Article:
Water tower taken down in a day

IT TOOK workers less than a day to raze the Rogers City water tower and remove a landmark from the city. (Photo by Jennifer Adkins)
IT TOOK workers less than a day to raze the Rogers City water tower and remove a landmark from the city. (Photo by Jennifer Adkins)

by Peter Jakey–Managing Editor
The 125-foot water tower stood as a fixture over Rogers City for nine decades, yet it took nine demolition crew members from Iseler Demolition less than a day to bring it down and haul it away.
As onlookers gathered on street corners surrounding the Doris Lane water tower, the popping sounds of cutting torches being lit could be heard throughout the morning and afternoon as crews meticulously took it apart and gingerly lowered to the ground, piece by piece, starting with the roof, then the side panels and then the bottom of the tank. The supports followed until only a ghost remained of the 1928, 150,000-gallon structure..
“I think a lot of people were amazed that it went down in one day,” said Chuck Kieliszewski, Rogers City’s water superintendent. “It definitely went as planned, and probably exceeded our expectations.”
Joe and Sally Cercone had the closest home. Iseler Demolition covered most of their garag

e with a tarp and ran a sprinkler on the top of the roof throughout the dismantling process.
It was to prevent any fires from occurring.
“The guy came around and he told me, I am going to circle your house during the entire process,” said Sally Cercone, who was one of many skeptics that did not believe it could happen in a day. “They were extremely efficient and they really cleaned up after themselves.”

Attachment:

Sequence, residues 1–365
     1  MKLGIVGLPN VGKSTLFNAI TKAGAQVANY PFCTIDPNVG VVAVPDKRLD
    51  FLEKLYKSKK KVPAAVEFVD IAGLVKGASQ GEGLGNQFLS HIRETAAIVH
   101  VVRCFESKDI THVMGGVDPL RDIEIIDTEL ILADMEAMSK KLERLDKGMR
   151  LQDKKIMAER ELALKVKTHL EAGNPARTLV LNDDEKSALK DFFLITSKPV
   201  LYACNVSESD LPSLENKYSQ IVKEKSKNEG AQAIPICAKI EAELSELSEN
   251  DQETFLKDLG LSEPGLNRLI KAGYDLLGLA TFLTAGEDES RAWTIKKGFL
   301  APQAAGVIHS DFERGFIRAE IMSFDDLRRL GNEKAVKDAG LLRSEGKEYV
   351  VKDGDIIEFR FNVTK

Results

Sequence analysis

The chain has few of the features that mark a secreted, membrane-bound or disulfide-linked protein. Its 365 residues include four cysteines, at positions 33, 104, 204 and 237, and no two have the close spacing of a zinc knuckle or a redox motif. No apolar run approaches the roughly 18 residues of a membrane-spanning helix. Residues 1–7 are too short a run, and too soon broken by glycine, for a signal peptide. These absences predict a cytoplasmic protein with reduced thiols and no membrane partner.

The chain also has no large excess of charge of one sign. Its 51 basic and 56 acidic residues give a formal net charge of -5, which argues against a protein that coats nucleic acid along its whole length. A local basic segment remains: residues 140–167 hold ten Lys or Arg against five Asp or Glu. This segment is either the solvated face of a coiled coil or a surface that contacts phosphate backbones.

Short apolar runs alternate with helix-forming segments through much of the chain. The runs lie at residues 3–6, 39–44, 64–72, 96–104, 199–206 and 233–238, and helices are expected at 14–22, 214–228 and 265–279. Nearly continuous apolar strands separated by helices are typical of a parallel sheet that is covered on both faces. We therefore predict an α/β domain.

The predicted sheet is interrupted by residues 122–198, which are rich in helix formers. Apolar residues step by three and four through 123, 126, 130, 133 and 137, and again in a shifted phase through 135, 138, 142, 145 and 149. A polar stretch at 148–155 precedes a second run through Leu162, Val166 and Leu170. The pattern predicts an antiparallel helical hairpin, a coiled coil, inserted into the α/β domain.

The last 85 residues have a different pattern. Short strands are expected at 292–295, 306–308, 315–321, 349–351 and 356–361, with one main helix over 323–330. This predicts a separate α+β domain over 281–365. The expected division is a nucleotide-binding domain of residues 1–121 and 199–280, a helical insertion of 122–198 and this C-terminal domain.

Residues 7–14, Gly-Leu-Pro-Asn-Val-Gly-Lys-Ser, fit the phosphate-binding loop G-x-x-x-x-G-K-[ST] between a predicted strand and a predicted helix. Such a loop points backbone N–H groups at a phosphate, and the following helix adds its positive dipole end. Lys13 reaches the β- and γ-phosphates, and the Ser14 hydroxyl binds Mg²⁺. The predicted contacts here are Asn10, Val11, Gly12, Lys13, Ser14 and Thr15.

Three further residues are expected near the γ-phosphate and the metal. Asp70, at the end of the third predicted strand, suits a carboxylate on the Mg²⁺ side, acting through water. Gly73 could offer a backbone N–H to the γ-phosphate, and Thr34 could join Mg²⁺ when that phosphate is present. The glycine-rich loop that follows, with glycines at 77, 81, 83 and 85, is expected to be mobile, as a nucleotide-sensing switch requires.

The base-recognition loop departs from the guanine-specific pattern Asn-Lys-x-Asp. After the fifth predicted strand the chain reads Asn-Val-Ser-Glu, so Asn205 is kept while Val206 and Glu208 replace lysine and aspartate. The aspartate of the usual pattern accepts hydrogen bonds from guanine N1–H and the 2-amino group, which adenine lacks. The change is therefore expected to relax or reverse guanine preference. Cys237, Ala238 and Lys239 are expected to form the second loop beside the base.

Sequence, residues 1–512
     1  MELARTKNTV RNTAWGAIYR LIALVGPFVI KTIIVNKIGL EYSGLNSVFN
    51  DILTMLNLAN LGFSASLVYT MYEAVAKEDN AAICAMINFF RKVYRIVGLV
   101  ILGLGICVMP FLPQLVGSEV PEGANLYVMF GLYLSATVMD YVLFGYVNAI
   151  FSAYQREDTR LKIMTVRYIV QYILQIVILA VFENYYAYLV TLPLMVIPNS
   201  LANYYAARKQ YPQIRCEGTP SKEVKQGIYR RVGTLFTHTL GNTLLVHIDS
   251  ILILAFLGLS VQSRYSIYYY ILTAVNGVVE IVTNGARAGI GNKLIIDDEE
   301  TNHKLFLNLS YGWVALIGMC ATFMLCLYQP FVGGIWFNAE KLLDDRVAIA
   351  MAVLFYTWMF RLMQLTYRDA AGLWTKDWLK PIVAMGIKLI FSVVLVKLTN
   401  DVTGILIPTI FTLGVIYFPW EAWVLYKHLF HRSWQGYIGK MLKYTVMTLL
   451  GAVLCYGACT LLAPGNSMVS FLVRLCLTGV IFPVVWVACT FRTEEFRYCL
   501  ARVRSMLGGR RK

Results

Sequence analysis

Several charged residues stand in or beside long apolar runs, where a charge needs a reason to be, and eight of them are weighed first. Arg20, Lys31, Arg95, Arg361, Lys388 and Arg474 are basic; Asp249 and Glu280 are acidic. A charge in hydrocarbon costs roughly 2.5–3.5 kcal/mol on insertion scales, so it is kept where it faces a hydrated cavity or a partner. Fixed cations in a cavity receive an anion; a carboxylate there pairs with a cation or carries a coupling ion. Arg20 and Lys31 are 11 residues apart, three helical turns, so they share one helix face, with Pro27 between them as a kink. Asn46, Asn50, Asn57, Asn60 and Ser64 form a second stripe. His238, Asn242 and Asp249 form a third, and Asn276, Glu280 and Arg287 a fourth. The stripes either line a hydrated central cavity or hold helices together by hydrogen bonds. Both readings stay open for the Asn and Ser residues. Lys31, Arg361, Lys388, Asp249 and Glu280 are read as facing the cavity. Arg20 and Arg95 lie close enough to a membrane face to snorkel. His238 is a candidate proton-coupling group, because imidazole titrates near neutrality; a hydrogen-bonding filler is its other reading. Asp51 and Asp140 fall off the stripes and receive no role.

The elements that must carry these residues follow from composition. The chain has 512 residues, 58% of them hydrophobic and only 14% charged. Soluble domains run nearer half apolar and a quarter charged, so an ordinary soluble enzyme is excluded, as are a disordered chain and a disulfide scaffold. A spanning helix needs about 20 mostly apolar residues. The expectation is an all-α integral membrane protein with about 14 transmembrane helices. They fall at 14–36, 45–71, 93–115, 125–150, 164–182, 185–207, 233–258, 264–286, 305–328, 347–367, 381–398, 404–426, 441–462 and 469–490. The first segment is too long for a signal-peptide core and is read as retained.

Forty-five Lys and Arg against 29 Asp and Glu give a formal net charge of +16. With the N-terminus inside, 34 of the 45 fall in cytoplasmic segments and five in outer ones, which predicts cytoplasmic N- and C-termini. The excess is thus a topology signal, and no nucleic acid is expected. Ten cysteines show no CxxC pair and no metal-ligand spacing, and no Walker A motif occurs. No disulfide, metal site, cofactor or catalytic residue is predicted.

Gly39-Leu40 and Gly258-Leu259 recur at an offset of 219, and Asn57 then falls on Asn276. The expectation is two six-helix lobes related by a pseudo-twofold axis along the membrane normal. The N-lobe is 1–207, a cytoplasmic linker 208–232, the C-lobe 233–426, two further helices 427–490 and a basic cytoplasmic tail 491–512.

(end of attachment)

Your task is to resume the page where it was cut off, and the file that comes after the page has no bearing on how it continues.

Sally Cercone said there were many people that wanted to see the roof removed. It’s when the biggest crowd congregated.
“They just eased it over,” she said. “It was amazing.

“They worked really hard,” said neighbor Val Pardike. “I thought it was very well organized.”
It does leave a void in the Rogers City skyline.
“I like it,” said Pardike. “It was not functioning anymore.” It went offline in 2011.
“I think people are missing it,” said Kieliszewski. “People in the area always used it for giving directions. It’s not there anymore.”
There is some minor cleanup with concrete foundations that go down 8 feet. The city will be left with the task of selling the lots.
Sally Cercone said she has a plaque that was placed on the structure in 1930 by the company, Chicago Bridge & Iron Company. It has been recovered and will be donated to the Presque Isle County Historical Museum.
“Chicago Bridge & Iron built the new tank,” said Kieliszewski. “So, they are still in business.”2018-top-close